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Instead Of Retiring, Marine Vet Starts His Own Harrier Squadron

Instead of retiring, former test pilot and real estate mogul Art Nalls imported, restored, certified and flew the world’s only private Harrier jump jet. Now he’s a man with a mission, adding to his fleet, he wants to preserve the Harrier’s legacy for decades to come. His amazing story is told in this awesome mini documentary from AARP Studios. ( Mehr...

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Steven Groce 3
I agree with James. There are no clever people at the top. I'm a Pitts Special Aerobatic pilot. Putting aside the Harrier for the moment, the idea of getting rid of the A10 has to be one of the worst ideas in Military aviation. The Pitts cost me almost every last spare dime; but if I had the money, I would start an A10 Squadron. If you ever see an A10 fly, you will fall in love!
paul mosher 3
This guy must have more money than god. The cost of fuel alone!
ADXbear 3
Good for you man... good to see someone working to pass on the legacy of such a great and important aircraft.. be safe, hope I see you at an airshow soon.
jbqwik 2
This guy's the real deal
James Derry 2
Of course the "clever people" at the top get rid of the A10 and the Harrier and replace them with.........oops.......nothing! Fools!
btweston 1
Incidentally I just listened to this interview with the real estate mogul himself:

Very interesting stuff.
Greer Kemp 1

I was driving through the English countryside back in 1989 when I heard jet engines powering up but couldn't see anything. I stopped and looked around, and after a few minutes two Harriers appeared taking off vertically behind some hedgerows a couple of hundred metres away!

Fantastic sight, and a great surprise I must say.
Great News! I worked for Folland Aircraft, Hamble, Southampton for 9 years saw many changes Worked there when the Gnat Trainers were being built, also when Hawkers took over & parts of the HRRIER were built. Great Aircraft, Hope your mission is successful. Congrats !!!!!
Dan Williams 1
The first time I saw the amazing Harrier was April 1977 at the celebration of the 50th anniversary of Charles Lindbergh's transatlantic flight. Nobody knew what it was. After a couple high speed passes this baby comes slowly strolling up the Mississippi from the south and stops, does a pirouette, and even backs up. We were stunned to say the least. I take every chance I can to see them in action. Great story and great job. Please keep it up. I have a grandson who needs to see the Harrier perform.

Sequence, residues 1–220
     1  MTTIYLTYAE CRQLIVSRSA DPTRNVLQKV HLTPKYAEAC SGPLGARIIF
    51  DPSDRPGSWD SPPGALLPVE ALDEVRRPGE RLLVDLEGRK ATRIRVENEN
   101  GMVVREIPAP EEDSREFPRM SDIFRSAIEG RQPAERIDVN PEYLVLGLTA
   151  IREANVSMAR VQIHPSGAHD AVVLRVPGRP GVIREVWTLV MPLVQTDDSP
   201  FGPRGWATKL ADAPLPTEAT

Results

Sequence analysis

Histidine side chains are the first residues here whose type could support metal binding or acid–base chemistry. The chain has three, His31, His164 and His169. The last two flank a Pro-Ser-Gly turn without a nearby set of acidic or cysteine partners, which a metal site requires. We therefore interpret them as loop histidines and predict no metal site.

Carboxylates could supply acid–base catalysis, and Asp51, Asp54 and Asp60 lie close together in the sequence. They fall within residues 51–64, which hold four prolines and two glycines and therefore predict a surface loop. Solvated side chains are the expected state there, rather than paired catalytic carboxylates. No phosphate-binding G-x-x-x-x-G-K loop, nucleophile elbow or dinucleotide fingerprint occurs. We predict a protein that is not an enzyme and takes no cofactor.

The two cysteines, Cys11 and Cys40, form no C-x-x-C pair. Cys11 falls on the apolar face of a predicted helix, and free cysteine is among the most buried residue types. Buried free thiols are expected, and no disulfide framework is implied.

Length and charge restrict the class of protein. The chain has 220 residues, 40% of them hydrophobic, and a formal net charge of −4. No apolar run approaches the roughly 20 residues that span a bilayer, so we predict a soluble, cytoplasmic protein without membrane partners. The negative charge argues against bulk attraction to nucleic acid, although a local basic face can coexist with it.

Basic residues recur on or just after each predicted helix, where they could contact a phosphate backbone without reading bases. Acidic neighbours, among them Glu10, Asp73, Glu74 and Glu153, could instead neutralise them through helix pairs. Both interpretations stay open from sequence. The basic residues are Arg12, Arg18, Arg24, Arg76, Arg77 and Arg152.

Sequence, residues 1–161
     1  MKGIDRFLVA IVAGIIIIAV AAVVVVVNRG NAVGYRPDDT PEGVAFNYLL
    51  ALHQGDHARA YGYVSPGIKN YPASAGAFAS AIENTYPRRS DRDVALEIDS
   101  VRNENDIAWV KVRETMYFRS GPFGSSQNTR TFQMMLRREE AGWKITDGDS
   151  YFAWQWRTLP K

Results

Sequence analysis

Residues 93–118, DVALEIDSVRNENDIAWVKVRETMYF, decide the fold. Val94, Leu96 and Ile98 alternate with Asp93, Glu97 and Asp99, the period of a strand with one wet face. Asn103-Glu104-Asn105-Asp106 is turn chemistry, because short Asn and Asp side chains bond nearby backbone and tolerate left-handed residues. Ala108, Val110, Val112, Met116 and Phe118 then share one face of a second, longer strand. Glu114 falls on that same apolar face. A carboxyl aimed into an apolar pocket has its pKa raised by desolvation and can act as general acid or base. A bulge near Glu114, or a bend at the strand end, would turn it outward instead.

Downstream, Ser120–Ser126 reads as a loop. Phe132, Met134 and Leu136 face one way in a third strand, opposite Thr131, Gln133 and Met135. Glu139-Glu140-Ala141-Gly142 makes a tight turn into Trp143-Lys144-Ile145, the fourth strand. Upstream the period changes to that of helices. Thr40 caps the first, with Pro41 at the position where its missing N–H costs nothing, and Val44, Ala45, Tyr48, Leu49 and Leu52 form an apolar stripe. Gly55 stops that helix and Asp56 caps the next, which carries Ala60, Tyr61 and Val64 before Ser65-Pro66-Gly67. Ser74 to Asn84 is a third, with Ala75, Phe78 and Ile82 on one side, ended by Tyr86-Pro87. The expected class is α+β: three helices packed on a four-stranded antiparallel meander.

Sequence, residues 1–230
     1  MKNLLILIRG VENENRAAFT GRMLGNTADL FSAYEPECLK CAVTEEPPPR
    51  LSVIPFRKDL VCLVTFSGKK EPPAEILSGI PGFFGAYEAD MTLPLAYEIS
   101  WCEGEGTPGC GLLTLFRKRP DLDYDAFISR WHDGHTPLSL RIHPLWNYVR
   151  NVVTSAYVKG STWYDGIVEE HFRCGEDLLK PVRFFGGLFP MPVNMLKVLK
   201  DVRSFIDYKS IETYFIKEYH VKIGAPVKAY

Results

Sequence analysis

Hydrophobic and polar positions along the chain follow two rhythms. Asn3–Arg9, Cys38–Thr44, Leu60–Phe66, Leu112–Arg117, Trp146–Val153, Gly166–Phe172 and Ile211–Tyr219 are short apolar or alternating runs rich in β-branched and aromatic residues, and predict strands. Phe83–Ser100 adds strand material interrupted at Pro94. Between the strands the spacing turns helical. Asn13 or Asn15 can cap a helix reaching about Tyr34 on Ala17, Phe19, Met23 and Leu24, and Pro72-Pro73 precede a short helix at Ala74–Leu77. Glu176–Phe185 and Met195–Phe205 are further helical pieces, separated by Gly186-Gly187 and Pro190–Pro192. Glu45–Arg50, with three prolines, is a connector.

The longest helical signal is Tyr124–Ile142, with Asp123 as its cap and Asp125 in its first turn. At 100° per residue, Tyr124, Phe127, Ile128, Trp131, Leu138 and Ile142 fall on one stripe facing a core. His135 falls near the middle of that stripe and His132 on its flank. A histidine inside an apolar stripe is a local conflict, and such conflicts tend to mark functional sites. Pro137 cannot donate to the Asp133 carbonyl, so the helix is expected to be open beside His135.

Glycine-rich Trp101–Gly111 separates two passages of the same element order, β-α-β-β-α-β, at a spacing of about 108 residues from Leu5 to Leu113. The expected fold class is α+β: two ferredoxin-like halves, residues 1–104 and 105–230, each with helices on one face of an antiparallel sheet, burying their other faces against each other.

alan75035 1
And I thought my hobbies were expensive!
Peter Ward 1
Bill Bedford and Hawkers would have been pleased, chief test pilot and manufacturer of P1127 and P1154. Having worked on both types during their experimental days.
dafarris 1
USAF, 1972, tdy to Aviano, AB, Italy. U.S. flew F-4C's, Brittish the neat Harriors, Germans the104 Starfighters still impressive, and the Italians F-86's antiques but impressive. The Harriors rolled out from their parking area and soon "floated" the taxi way to run way!
WhiteKnight77 0
I always liked seeing these birds fly. I (we) had a stop over for fuel on the way to Luke AFB at Yuma MCAS and saw row after row of Harriers lined up on the flight line. Seeing them come in to land was awesome.

The question is, why do the military services like to retire aircraft that serve a specific purpose well? Good to see at least one person is undertaking a way to keep the "newer" aircraft going.
Daniel Baker 0
(Duplicate Squawk Submitted)

(Video) Story of a Retired US Mairne Buying a Harrier

Art Nalls has had a life long dedication to flying. His addiction to the sky has lead him to an honorable military career and an even more adventurous retirement. Nalls has had the unique opportunity to purchase his own British Harrier Jump Jet. Find out how this retired Lt. Col test pilot uses his passion for flight to help preserve military history with the maintenance and upkeep of the last three remaining Sea Harriers.


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